# Finding $\sin 2x$ from transforming $\sin^4 x+ \cos^4 x = \frac{7}{9}$ using trigonometric identities

While studying for the first exams of the year, the following question found on one of Kognity's questionbank was extremely challenging for myself, a pre calculus student. The current topic is that of trigonometric equations, mostly making use of basic trigonometric identities (see image below for a screenshot of my formula booklet). Even after seeing the resolution, I just did not understand what magic was used to transform the sine and cosine.

The question below stated: Given that X is in quadrant III and $$\sin^4 x + \cos^4 x = \frac{7}{9}$$, work out the value of $$\sin 2x$$.

The question in its original format.

At first, one may notice that: $$\sin^4 x + \cos ^4 x=\left(\sin^2 x +\cos^2x\right)^2=1$$ because of the fundamental trigonometrical identity ($$\sin^2x+\cos^2x=1)$$. However to my frustration, this was as far as I got. Substituting by 1 did not yield any result, and I was forced to admit defeat and to submit the question without a resolution. Fortunately, I was at least pleased that I would have access to the resolution. Yet upon seeing the resolution, my confusion only doubled.

Resolution of the question.

By making use of black magic, the resolution transformed $$(\sin^4 x + \cos^4x)$$ into $$(\sin^4 x + \cos^4x)=(\sin^2x+\cos^2x)^2-2\sin^2x\cos^2x$$ Analysing and transforming the terms with the identities, one reaches that these two terms could be rewritten as: $$1-\sin^22x$$ The rest of the question was very straightforward, simple algebra to find an expression for X and noticing that $$\sin2x=2\sin x\cos x$$ were both in the third quadrant, therefore a negative multiplying a negative resulting in a positive result. My question, therefore, is how does one transform $$(\sin^4 x + \cos^4x)$$ into $$(\sin^4 x + \cos^4x)=(\sin^2x+\cos^2x)^2-2\sin^2x\cos^2x$$ It seems illogical since the second term appeared out of nowhere.

• FYI, $(A + B)^2 = A^2 + B^2$ is not true in general. Jan 24, 2022 at 1:48
• It should be $$A^2 + B^2 = (A + B)^2 - 2AB.$$ Jan 24, 2022 at 1:49
• I guess you should try to use the fact that $sin^2x + cos^2x = 1$ and that $sin2x = 2sinxcosx$. That is $1=(sin^2x + cos^2x)^2 = ...$ Jan 24, 2022 at 1:50
• Also, $(\sin^2x+\cos^2x)^2-2\sin^2x\cos^2x=1-\frac{\sin^2(2x)}{2}$. Jan 24, 2022 at 1:53
• My question, therefore, is how does one transform $\sin^4 x + \cos^4x$ into $\sin^4x + \cos^4x=(\sin^2x+\cos^2x)^2-2\sin^2x\cos^2x\;?$ $\quad$ Let $A=\sin^2x\,$ and $\,B=\cos^2x.$ Then \begin{align}\text{RHS}&=(A+B)^2-2AB\\ &=(A^2+2AB+B^2)-2AB\\ &=A^2+B^2\\ &=\text{LHS}.\end{align} Jan 24, 2022 at 4:06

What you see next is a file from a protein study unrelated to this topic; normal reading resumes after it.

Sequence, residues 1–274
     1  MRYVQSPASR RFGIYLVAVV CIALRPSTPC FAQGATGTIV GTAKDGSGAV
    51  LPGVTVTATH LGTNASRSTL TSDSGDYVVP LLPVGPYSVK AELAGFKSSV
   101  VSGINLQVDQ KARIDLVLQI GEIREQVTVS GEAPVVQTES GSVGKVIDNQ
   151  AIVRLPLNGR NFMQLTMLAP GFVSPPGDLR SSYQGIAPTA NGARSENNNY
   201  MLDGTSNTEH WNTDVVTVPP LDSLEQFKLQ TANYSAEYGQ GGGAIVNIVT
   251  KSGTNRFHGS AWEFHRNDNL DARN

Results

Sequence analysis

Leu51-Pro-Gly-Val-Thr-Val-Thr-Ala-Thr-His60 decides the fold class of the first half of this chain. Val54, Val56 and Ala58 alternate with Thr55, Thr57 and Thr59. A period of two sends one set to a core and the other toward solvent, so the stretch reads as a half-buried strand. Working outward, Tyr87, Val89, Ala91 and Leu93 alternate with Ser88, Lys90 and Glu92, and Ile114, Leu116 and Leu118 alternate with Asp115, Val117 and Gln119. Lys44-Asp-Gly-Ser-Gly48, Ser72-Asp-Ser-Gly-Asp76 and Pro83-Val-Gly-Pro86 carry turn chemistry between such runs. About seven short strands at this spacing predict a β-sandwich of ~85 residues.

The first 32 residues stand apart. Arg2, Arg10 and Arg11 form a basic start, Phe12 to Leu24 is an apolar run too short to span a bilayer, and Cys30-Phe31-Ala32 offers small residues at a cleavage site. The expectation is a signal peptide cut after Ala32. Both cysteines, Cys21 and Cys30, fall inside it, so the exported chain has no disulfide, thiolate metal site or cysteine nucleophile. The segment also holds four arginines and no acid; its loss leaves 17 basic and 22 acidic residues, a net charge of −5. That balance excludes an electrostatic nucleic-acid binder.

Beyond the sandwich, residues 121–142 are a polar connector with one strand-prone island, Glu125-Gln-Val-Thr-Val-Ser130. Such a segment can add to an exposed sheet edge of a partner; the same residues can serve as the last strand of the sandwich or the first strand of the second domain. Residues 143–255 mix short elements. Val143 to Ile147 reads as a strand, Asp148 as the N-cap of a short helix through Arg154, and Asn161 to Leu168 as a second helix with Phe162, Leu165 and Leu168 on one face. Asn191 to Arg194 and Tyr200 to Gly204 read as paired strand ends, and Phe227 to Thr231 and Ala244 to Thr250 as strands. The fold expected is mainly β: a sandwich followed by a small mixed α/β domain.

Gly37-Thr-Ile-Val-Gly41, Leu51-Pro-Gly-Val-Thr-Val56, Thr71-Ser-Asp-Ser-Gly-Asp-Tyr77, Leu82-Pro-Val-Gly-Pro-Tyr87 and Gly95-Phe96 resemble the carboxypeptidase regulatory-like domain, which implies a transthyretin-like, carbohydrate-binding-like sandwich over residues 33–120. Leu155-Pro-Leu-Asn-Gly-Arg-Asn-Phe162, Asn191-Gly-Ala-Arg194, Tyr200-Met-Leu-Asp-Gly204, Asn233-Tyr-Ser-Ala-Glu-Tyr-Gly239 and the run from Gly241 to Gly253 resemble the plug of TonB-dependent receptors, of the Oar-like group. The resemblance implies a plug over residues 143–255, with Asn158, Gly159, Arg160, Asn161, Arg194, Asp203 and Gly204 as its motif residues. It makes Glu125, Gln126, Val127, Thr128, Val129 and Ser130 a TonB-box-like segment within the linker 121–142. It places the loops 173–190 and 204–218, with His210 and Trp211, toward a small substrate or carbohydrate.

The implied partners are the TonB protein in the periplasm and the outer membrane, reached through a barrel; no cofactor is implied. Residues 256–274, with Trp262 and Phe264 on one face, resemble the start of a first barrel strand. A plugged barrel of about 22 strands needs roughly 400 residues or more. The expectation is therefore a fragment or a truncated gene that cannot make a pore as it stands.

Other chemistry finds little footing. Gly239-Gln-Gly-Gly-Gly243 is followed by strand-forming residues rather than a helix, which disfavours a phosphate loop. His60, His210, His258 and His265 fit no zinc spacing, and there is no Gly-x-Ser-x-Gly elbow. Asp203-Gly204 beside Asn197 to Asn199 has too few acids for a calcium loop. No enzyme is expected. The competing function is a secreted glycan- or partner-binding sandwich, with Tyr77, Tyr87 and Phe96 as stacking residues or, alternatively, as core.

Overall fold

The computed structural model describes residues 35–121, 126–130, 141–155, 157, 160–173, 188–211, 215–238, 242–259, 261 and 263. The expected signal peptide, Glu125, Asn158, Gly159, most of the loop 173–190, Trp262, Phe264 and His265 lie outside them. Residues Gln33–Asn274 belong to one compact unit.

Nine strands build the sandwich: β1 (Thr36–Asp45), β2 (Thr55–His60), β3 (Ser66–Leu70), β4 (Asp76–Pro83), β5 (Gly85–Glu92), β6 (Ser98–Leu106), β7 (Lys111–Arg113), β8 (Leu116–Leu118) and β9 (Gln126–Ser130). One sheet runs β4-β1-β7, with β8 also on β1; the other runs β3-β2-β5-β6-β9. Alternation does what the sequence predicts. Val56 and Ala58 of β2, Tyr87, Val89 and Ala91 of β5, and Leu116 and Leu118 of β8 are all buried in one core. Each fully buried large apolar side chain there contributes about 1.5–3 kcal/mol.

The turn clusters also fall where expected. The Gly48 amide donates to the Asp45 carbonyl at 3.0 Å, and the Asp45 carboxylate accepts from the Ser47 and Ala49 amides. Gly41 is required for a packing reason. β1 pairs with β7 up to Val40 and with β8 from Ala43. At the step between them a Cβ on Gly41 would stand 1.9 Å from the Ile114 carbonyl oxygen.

$$\begin{array}{c} \left(\sin ^{2} x+\cos ^{2} x\right)^{2}-2 \sin ^{2} x \cos ^{2} x=\frac{1}{9} \\ 1-\frac{\sin ^{2}(2 x)}{2}=\frac{7}{9} \\ \sin ^{2}(2 x)=\frac{4}{9} \\ \sin (2 x)=\frac{2}{3}\quad \textrm{ (as x is the quadrant III)} \end{array}$$

$$\displaystyle \sin^4(x) + \cos^4(x) = \frac{7}{9}.$$

$$\sin(2x) = ~$$ ?

$$\underline{\text{Preliminary Results}}$$

$$\cos(2x) = 2\cos^2(x) - 1 \implies 2\cos^2(x) = \cos(2x) + 1.\tag{R-1}$$

$$\cos^4(x) = \frac{1}{8} \times [\cos(4x) + 4\cos(2x) + 3]. \tag{R-2}$$

$$\sin^4(x) = \frac{1}{8} \times [\cos(4x) - 4\cos(2x) + 3]. \tag{R-3}$$

See the Addendum for a proof of (R-2) and (R-3).

Using (R-2) and (R-3),

$$\displaystyle \frac{7}{9} = \frac{1}{4} \times [\cos(4x) + 3] \implies$$

$$\displaystyle \frac{28}{9} = \cos(4x) + 3 \implies$$

$$\displaystyle \frac{1}{9} = \cos(4x) = \cos^2(2x) - \sin^2(2x) = 1 - 2\sin^2(2x) \implies$$

$$\displaystyle \frac{8}{9} = 1 - \frac{1}{9} = 2\sin^2(2x) \implies$$

$$\displaystyle \sin^2(2x) = \frac{4}{9} \implies$$

$$\displaystyle \sin(2x) = \pm \frac{2}{3}.$$

Given that $$x$$ is in quadrant $$3$$, you have that

$$180^\circ < x < 270^\circ$$.

This implies that $$360^\circ < 2x < 540^\circ.$$

This implies that $$\displaystyle \sin(2x) = \frac{2}{3}.$$

Proof of (R-2) and (R-3).

Proof of (R-2)

Using (R-1),

$$\cos(4x) = 2\cos^2(2x) - 1$$

$$\displaystyle = 2 \left[2\cos^2(x) - 1\right]^2 - 1$$

$$= 2[4\cos^4(x) - 4\cos^2(x) + 1] - 1$$

$$= 8\cos^4(x) - 8\cos^2(x) + 1$$

$$= 8\cos^4(x) - 4[\cos(2x) + 1] + 1$$

$$= 8\cos^4(x) - 4\cos(2x) - 3.$$

This implies that

$$\cos(4x) + 4\cos(2x) + 3 = 8\cos^4(x).$$

Proof of (R-3)

$$\sin^4(x) = [\sin^2(x)]^2 = [1 - \cos^2(x)]^2$$

$$\displaystyle = 1 - 2\cos^2(x) + \cos^4(x)$$

$$\displaystyle = 1 + \cos^4(x) - [\cos(2x) + 1]$$

[using R-2]
$$\displaystyle = \left\{ ~\frac{1}{8} \times [\cos(4x) + 4\cos(2x) + 3] ~\right\} - \cos(2x).$$

Hint

Since you did most of the work...

$$s^4+c^4 =1-2 s^2c^2= \frac79$$

$$2 s^2c^2= 2/9;\; s^2c^2= 1/9;\;$$

Multiply by 4, take sqrt

$$2 sc = \sin 2x = \pm \frac23$$